Tuesday, April 6, 2010

Only Great Men Can Make Great Men (Part IV)

Only Great Men Can Make Great Men continued:

The last point from Of the Five Wounds of the Holy Church worth considering may surprise many twenty first-century Catholics. To be sure, when I first heard of this practice I thought it was just another attempt to make the Catholic Church more like a democracy. This ancient practice of the early Church Fathers may be confused with putting doctrine up for a vote, as if we can pick and choose between Church teachings; accepting some and rejecting others.

No. The practice that I refer to is when both the clergy and the people chose their Bishop. This indeed was a democratic process; a legitimate one endorsed by the early Church. The local community- big or small –was consulted on who would serve their spiritual needs.

Today, much is said about the principle of subsidiarity: a principle which holds “that matters ought to be handled by the smallest, lowest or least centralized competent authority.” The people who would be affected the most by the selection of a Bishop, the local church or diocese, had a say in determining who that might be. When the decision of this magnitude and importance is centralized- even if the centralized authority be that of the Vatican -and when it does not involve the consent of the faithful, then the placement of the Bishop runs the risk of causing resentment or indifference. This unilateral process also runs the risk of creating mismatches between the Shepherd and the sheep.

Father Antonio Rosmini, who authored Of the Five Wounds of the Holy Church, asked the following questions. In this passage, he takes it for granted that the one tier approach in deciding Bishops, and even priests, causes an indifference among the people, not just on who their pastor will be but also on the very doctrines they teach:

“When the people are required and taught to be indifferent about their own Pastors, is it not equivalent to teaching them indifference to the doctrine which may be set before them, and to the course of conduct in which they may be held? Is it not teaching them that it is no longer necessary for men to have confidence in the ministers of religion; that they may set aside the needs of their souls and repentance?”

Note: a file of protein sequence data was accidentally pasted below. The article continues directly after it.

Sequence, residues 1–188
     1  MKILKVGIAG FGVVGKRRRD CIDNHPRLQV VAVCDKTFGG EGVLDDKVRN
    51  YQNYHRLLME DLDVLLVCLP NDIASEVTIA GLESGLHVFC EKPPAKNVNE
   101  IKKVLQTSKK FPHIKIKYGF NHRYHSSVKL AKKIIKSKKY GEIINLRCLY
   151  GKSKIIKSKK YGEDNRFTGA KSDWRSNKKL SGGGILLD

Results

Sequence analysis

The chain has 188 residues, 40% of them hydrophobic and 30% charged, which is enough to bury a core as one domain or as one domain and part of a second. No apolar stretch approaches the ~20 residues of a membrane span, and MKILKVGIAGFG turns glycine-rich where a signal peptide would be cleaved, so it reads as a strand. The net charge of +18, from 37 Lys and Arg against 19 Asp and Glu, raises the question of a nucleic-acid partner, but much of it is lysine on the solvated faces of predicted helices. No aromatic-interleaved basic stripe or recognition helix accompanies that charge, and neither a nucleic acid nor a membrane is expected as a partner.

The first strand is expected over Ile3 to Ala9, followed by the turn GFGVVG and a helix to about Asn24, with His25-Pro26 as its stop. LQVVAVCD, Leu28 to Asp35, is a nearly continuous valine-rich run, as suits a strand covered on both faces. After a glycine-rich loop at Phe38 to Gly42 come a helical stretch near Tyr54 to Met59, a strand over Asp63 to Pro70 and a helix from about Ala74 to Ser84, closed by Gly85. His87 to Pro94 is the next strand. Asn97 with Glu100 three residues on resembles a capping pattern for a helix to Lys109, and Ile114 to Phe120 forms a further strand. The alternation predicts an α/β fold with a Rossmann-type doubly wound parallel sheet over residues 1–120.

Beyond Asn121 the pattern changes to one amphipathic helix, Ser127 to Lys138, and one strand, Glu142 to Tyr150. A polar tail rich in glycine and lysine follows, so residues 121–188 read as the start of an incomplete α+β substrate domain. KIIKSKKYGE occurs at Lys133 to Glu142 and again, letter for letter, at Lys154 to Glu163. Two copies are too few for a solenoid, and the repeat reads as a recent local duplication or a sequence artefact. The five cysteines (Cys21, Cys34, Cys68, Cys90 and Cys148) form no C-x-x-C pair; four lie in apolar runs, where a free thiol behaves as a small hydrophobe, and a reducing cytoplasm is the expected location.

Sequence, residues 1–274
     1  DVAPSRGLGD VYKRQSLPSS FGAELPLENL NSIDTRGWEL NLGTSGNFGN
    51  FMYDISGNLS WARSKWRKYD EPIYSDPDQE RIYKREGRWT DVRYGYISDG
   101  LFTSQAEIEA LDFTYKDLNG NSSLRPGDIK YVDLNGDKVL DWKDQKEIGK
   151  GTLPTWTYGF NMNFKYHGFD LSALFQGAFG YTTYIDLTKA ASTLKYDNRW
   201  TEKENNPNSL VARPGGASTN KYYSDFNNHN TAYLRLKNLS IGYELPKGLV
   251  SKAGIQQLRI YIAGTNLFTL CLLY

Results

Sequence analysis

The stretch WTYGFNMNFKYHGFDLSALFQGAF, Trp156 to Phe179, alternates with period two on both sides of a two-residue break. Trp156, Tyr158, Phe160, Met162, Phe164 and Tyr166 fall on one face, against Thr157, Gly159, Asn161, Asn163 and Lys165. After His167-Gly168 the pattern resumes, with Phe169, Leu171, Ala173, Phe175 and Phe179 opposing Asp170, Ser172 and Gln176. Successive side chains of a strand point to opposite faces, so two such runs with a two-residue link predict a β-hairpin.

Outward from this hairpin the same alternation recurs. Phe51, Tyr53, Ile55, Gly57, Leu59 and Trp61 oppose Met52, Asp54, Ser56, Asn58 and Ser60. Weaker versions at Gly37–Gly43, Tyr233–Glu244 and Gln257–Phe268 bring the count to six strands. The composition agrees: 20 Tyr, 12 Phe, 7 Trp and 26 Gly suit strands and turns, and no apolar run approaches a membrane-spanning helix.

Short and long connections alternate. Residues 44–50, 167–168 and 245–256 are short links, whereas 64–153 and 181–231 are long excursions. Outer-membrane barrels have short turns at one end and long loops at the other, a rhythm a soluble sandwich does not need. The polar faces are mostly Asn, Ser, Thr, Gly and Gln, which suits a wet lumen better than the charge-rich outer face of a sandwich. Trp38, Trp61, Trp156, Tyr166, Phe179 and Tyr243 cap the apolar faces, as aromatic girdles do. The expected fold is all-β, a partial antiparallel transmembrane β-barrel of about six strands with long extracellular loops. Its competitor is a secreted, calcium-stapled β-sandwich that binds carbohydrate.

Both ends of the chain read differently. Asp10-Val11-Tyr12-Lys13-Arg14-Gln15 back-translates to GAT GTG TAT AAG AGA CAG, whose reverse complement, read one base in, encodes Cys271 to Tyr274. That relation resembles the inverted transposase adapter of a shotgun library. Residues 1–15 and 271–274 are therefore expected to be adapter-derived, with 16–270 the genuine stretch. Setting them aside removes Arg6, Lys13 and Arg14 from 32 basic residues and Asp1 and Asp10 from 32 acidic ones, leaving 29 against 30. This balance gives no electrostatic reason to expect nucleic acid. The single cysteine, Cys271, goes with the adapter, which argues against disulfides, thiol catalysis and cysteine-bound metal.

Rosmini then goes on to write that one of the greatest popes, Pope St. Leo the Great, not only enforced this practice but even went so far as to say that when the people are not consulted about who their ministers were, they may end up being demoralized:

“The great St. Leo knew well that to force the people to accept an unwelcome Bishop was to demoralize them, and this was one reason why he persisted in upholding the ancient discipline of the Church concerning the election of Bishops, as carried out by the clergy, the people, and the provincial Bishops.”

“For instance, he writes thus to Anastasius, Bishop of Thessalonica: ‘When it is a question of electing a chief priest, let him be preferred to all others who is required by the consent of both clergy and people; and if the votes should be equal, let the Metropolitan prefer him who has obtained most affection, and is a man of great merit; only give heed that none shall be elected who are not wished or asked for; lest the people, being thwarted should despise or hate their Bishop, and lest they should become less religious than is fitting, not having obtained him they desired.’”

Another example: “Council of Paris: ‘No Bishop shall be appointed contrary to the will of the citizens, but he only whose election has been heartily and voluntarily demanded by the people and the clergy.’

If this ancient practice were implemented today, there can be no doubt that the tide of priestly scandals would have been stemmed. Unfit clergy could have been contested by the very people who would be influenced the most by the transfer of these unfit priests. And as for the Bishop(s) who did the transferring of these priests, there could have been a check and balance between his decisions and the concerns and complaints of the flock.

It was different in the early Church. Rosmini said that the Catholic Church acted as “one man." Both clergy and the people were on the same page. During the second millennium, however, there were periods when the clergy and the laity evolved into two different subcultures within the same body; speaking different languages and pursuing different ends. When these two worlds, the hierarchy of the Church and the faithful, were not acting as one, then the making of great men was harder to come by.

Spiritual fathers need to understand and relate to their spiritual sons. Spiritual sons, on the other hand, need to identify with and admire their Spiritual fathers. Was the early Church on to something when the Bishops personally discipled their seminarians and priests; when the dominant standard of choosing a priest or a Bishop was holiness; and when the people helped determine which of those great men were to shepherd them? Can it be any wonder that the supply of great men were in such abundance in those first thousand years? And can it be doubted that the abundant supply of great men led to the greatest civilization the world has ever known?

With the multiplication of great men within the Catholic Church today, that great civilization can be restored once again.

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